ANNIBALE CARDINAL ALBANI (1682-1751), was born at Urbino on August 15, 1682. His uncle became Pope Clement XI in 1700 (dying on March 19, 1721). He was created Cardinal Deacon on December 23, 1711, being appointed to the Deaconry of S. Eustachio on March 2, 1712. He became Archpriest of St. Peter's Basilica in 1712, where he had long been a Canon, and was promoted to be Cardinal Priest of S. Clemente in March, 1722, for which he was finally ordained a priest in October. He was appointed Camerlengo of the Holy Roman Church on March 29, 1719, a post he held until 1747. He became bishop of Sabina on July 24, 1730, and was translated to Porto and Sta. Rufina in 1743. From 1719 he was director of the English hospital of St. John in Jerusalem.
The Dean of the Sacred College of Cardinals was Sebastiano Tanara, Cardinal Bishop of Ostia and Velletri, but he left the conclave on April 15 and died during the Sede Vacante, on May 4.
The Treasurer General of the Holy Roman Church was Msgr.Carlo Collicola (Colligola) of Spoleti.
The Majordomo (Praefectus) of the Apostolic Palaces was Msgr. Niccolo del Giudice (1715-1725), nephew of Cardinal Francesco del Giudice, Cardinal Bishop of Frascati. His father was Domenico del Judice, Prince of Cellamare and Duke of Giovenazzi; his mother was Constanza Pappacoda. Doctor of Laws (Rome). He was appointed Protonotary Apostolic by Innocent XII in 1693, and made a Cleric of the Apostolic Chamber. At the beginning of the reign of Clement XI, he was promoted in the Apostolic Camera to the post of Praefectus viarum. In 1717 he became Prefect of the Apostolic Palaces (1717-1725). He was made a cardinal by Benedict XIII in 1725, with the title of S. Maria Rotonda. He died on January 30, 1743.
Stemma of Msgr. Niccolò del Iudice, surmounted by prelate's hat .
ANNO • SALVTIS • MDCCXXIV
The Governor of the Conclave was Msgr. Maffeo Farsetti, Protonotary Apostolic de numero participantium, and Referendary of the two Signatures. He had previously been Governor of Rieti and Fano, and Vice-Legate of the Romagna.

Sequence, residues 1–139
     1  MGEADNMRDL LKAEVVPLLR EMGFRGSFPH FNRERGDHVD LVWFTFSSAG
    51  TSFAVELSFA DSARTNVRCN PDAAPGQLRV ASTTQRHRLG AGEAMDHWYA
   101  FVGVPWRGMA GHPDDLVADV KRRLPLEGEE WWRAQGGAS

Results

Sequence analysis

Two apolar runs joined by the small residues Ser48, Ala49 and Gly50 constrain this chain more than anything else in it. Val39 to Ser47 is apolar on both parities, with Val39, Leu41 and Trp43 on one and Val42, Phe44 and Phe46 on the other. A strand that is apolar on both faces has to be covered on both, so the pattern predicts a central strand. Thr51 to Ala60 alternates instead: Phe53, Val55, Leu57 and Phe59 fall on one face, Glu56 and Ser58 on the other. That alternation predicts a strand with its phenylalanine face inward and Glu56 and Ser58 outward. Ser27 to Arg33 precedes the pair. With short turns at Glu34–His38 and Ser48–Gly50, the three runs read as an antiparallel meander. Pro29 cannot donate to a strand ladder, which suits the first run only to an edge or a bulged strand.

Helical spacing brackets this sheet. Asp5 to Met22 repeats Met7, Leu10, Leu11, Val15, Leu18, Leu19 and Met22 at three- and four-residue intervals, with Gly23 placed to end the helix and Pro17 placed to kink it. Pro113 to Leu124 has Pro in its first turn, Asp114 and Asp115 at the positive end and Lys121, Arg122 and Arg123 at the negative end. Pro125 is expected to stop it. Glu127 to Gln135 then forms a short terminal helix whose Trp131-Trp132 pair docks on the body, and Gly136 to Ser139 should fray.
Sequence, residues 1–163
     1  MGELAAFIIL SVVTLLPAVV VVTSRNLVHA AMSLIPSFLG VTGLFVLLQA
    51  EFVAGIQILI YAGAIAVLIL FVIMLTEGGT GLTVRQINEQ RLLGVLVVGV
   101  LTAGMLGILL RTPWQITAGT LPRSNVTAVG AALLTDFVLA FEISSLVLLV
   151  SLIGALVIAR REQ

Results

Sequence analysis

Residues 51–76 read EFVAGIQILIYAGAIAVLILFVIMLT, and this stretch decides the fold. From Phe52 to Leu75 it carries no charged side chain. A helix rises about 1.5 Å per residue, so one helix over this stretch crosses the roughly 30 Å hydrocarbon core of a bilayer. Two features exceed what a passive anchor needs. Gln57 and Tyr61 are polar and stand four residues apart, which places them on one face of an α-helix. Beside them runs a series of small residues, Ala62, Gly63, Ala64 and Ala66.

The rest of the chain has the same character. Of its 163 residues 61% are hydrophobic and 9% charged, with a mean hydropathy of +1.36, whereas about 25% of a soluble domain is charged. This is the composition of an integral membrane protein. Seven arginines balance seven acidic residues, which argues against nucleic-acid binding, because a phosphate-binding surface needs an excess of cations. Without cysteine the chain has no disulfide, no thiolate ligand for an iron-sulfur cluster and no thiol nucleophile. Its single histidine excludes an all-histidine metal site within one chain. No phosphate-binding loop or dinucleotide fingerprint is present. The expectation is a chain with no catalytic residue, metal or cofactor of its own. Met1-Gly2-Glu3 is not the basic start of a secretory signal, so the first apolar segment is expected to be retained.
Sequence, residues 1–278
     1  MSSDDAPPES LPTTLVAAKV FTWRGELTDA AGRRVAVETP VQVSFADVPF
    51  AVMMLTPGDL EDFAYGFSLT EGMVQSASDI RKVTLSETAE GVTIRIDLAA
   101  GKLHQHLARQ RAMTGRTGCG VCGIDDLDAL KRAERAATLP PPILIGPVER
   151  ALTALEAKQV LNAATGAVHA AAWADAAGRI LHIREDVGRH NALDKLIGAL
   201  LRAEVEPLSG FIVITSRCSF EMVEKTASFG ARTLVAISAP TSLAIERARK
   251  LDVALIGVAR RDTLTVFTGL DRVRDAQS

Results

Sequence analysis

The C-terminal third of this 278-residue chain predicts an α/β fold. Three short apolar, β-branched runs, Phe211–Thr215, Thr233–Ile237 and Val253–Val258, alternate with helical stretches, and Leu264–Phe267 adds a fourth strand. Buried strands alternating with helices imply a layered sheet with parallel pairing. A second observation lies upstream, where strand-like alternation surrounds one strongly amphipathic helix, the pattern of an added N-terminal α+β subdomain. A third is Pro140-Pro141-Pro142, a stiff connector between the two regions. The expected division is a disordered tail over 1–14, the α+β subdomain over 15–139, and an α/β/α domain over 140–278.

The Governor of Rome was Msgr. Alessandro Falconieri [Romanus, of Florentine ancestry]. Doctorate (Rome). Auditor of the Rota and Vice-Chamberlain. He was created Cardinal by Benedict XIII on September 11, 1724. He died on January 26, 1734, at the age of 77, and was buried in S. Giovanni dei Fiorentini [Guarnacci 435-438].
The Conservatori di Roma were:
Marchese Clemente Spada Veralli
Conte Giacomo Bolognetti
Conte Fabil Carandini.
The Treasurer-General S. R. E. and Prefect of the Castel S. Angelo was Msgr. Carlo Collicola, Protonotary Apostolic. He was a Doctor of law (Rome, Sapienza). He was named a Cardinal by Benedict XIII in 1726.
The Marshal of the Holy Roman Church was Prince Augusto Chigi, appointed by Pope Clement XI to succeed Prince Giulio Savelli, the last male member of the Savelli family.
The Secretary of the Sacred College of Cardinals and Secretary of the Conclave was Msgr. Domenico Rivera, Protonotary Apostolic de numero participantium and Canon of the Vatican Basilica [Bullarium Romanum (Turin Edition) 22, p. 45].
The Masters of Ceremonies were:
Giovanni Battista Gambarucci [Romanus], Primo Maestro delle Cerimonie Pontificie
Ignazio Reali [Romanus], Beneficed Canon of the Vatican Basilica
Francesco Bolza [Novocomensis], Canon of S. Maria ad Martyres
[Venanzio] Filippo Piersanti [Camerino], Canon of S. Maria ad Martyres
Placido Eustachio Ghezzi [Romanus], Beneficed Cleric of the Vatican Basilica.